Scope of Services

The Medicaid Overhaul And How Hospitals And Its Providers Could Be Hardest Hit

Given the signs Paul Ryan, Speaker of the House, has flashed during his tenure, expect phase one of the health care financing overhaul to be heavily focused on Medicaid. The incoming administration aligns with this change (#6), as does the president-elect's choice of Tom Price for HHS Secretary.    This turn will have an impact on hospitals and something you should pay attention to.  You will see lots of press over the coming months, and you will hear the term Medicaid block grants.  You should have an opinion, especially if you work in a rural, safety net, urban, or academic medical center.  I would imagine that holds true for many of you. (more…)

Should Hospitalists Unionize?

  If you have given any thought to corporatized medicine and its impact on medical practice, I advise you to read this extended New York Times piece:           The story concerns the contentious relationship between a hospitalist group and their employer, PeaceHealth Sacred Heart Medical Center in Springfield, Oregon.  The group alleges the hospital made advances to replace them on account of their suboptimal performance--both financial and professional.  Sacred Heart put out bids to national companies to outsource their inpatient line of business.  However, their plan did not move forward due to significant physician backlash. Feeling vulnerable, the docs chose to join a union and hitched with the American Federation of Teachers, which already represented nurses at Sacred Heart.  (more…)

You Can Learn A Lot From Billing Data.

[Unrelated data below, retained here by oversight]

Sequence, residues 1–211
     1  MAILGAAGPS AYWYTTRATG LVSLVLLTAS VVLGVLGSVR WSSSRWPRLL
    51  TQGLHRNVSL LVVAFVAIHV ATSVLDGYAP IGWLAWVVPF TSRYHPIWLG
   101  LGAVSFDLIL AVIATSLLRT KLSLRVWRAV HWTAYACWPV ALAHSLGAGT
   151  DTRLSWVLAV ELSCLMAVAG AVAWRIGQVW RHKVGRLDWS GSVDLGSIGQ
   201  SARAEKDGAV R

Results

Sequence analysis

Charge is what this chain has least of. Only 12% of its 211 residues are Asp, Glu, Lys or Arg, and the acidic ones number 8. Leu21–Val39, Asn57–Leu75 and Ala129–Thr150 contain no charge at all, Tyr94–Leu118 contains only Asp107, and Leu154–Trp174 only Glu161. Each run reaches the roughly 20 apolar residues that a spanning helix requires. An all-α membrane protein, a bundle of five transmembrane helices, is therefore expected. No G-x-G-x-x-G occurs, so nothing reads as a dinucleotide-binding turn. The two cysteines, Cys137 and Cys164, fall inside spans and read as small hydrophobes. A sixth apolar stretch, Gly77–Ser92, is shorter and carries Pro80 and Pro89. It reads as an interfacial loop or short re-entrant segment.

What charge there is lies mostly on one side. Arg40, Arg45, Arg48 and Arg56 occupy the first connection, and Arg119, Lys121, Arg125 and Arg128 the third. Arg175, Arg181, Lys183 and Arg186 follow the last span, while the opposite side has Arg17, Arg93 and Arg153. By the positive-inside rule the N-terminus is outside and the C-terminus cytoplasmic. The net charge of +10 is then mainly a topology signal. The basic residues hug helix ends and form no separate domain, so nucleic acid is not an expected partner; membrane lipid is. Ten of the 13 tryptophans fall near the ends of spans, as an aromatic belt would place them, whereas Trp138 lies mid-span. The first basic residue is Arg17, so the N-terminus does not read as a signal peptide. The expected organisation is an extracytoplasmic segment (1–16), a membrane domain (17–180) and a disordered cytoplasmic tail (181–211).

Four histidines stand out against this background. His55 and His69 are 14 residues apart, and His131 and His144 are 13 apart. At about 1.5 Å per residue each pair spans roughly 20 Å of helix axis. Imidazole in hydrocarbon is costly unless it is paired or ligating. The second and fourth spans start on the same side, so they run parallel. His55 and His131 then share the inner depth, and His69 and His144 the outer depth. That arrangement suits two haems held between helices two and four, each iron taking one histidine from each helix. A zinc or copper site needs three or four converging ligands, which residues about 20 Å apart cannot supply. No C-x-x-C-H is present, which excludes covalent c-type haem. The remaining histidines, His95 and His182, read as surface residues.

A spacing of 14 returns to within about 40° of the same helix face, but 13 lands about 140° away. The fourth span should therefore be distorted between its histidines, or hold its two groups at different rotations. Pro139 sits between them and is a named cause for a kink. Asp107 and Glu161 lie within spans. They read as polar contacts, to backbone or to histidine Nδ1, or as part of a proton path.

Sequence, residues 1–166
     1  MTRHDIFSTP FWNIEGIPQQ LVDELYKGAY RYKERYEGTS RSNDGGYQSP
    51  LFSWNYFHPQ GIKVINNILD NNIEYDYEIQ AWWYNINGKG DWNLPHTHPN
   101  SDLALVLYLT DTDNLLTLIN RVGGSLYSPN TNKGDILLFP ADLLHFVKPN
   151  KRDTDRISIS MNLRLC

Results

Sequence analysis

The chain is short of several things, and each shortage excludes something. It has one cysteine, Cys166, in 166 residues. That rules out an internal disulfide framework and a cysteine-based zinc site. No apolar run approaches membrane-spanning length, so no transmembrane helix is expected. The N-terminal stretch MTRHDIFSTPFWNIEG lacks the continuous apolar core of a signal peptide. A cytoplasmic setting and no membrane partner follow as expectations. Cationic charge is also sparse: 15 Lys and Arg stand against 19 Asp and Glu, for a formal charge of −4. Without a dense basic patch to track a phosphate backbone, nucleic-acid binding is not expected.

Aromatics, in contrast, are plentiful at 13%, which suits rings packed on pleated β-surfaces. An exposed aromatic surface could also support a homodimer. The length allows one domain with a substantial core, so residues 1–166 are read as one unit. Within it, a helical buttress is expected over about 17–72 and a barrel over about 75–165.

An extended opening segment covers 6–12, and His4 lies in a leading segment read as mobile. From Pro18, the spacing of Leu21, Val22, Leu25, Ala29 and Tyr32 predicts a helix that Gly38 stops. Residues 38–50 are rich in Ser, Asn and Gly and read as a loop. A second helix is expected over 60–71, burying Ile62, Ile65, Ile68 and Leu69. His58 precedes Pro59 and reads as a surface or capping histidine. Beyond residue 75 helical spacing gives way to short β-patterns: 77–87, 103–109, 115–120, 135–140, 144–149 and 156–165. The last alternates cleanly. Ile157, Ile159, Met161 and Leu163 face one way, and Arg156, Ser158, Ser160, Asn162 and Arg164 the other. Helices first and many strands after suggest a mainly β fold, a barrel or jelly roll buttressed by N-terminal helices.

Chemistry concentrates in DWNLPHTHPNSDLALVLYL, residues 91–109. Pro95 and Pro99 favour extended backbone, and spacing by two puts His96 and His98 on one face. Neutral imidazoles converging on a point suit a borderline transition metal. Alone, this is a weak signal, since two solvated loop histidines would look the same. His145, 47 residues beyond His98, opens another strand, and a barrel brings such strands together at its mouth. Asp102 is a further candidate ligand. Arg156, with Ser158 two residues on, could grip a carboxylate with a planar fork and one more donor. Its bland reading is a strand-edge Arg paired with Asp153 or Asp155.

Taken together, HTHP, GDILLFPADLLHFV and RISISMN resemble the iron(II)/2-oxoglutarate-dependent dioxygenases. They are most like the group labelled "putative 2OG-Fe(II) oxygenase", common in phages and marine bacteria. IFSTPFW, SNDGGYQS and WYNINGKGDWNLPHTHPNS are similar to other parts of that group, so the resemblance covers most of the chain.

Because hospitalists lack a specialty code for billing (probably forthcoming), and we do not have formal board certification (I would bet it's in our future), anyone interested in identifying hospitalists beyond their hospital walls has a tough slog.  You can call several thousand hospitals and speak with the appropriate department and question; you can call every internist, pediatrician or family practitioner in the AMA database and ask them, "Are you a hospitalist?"; or you can find an alternate method---because the latter two will keep you busy until the next solar eclipse. Knowing adult inpatient practitioners bill just a small cluster of codes--observation, critical care, or inpatient--having access to a national database with physician billing data (Part B submissions) would provide a route to determine which docs practice in acute care settings.   (more…)

Misjudge the Outlier Patient at Your Peril

  A few weeks ago, I wrote about small numbers of patients consuming large and disproportionate shares of health care goods.  The thinking being, if we focus efforts on outliers, hospitals will save money and FTEs by economizing in the right places.  Why waste resources on interventions applied to fifty percent of the hospital population when only ten or twenty will do. While dogma still holds, i.e., a few folks will always consume the greatest slice of the health care pie, we tend to view the statistic at a population-based and not individual level. A recent release from Health Affairs should force us to reconsider our assumptions: For Many Patients Who Use Large Amounts Of Health Care Services, The Need Is Intense Yet Temporary  The study investigators probed to determine whether a cohort of high-needs people who received the label "outlier" remained static over time.  A first of its kind…

Hospital readmissions and length of stay

  I am pleased to cross-post a terrific piece from The Incidental Economist on the sometimes rival effects of LOS shortening and readmissions.  (I can't recommend TIE enough by the way--and do not let the title fool you, it is a health care site). We feel the yin and yang tensions daily on this subject: discharge promptly ("sicker and quicker") but own the transitions process to avoid return trips.  We may be justified in having those tensions, however, as you will see below.  The literature base continues to expand on this topic, and you will find the overview with its links a helpful resource in generating discussions within your groups. Read!!   The following is a post by Jennifer Gilbert, a Clinical Research Coordinator at Massachusetts General Hospital. She provides background research for The Incidental Economist, and previously researched at Harvard School of Public Health in the Department of Health Policy…